Thursday, January 27, 2022
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According to a July 17, 2009 AP release ("US, Colombia Near Base Access Deal"), "The United States and Colombia are nearing agreement on expanding the U.S.'s military presence in this conflict-torn nation, potentially basing hundreds of Americans in a central valley to support Air Force drug interdiction missions." If reached, the deal would last for 10 years and, as the Drug War Chronicle reports ("Washington, Bogota on Verge of Deal to Make Colombian Military Air Base Regional Hub for Counter-Narcotics"), would assist officials in picking up "the drug war slack left by the ending of interdiction operations from the international airport at Manta, Ecuador" after Ecuadoran President Rafael Correa recently "refused to renew the US lease, saying that the US military mission there violated his country's sovereignty." According to Colombian officials, the Chronicle states, "the plan [is] to make Colombia a regional hub for Pentagon operations." As the AP report puts it, Washington's "obtaining increased access to Colombian facilities" would allow the base to serve as a "potential jumping-off point for operations by expeditionary forces."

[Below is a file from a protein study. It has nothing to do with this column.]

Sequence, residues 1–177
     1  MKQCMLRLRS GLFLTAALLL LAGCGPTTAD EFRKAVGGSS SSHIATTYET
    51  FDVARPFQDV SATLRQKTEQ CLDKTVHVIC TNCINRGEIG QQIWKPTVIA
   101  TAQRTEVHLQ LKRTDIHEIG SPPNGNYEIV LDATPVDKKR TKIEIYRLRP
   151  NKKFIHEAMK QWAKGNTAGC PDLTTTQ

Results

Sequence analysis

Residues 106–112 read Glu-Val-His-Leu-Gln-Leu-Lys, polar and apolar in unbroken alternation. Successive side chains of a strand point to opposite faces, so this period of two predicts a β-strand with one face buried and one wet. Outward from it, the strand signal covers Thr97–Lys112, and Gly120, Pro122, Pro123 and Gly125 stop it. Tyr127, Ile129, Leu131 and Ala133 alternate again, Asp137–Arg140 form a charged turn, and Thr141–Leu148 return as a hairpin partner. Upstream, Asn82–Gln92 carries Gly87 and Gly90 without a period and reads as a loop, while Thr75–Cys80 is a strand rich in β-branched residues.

While many officials remain optimistic about both the prospect of reaching an agreement and its end results, others have voiced concern. AP writes that "Rafael Pardo, a former defense minister and candidate for president in May 2010 elections, has complained of secrecy surrounding the negotiations." He also, despite reassurances from Colombian officials that "U.S. flights won't cross Colombia's borders without permission from affected countries," expressed apprehension "about alienating other South American nations." As he said, "If [the plan] is to launch surveillance flights over other nations then it seems to me that would be needless hostility by Colombia against its neighbors." Additionally, although "drug interdiction is the chief U.S. goal, some worry that bringing in more Americans will lead to the U.S. taking sides in a conflict involving Colombia's military, rebels and private militias over land and cocaine that has led to hundreds of extra-judicial killings of civilians over the years."
For more information on this development, check out the above linked Drug War Chronicle piece.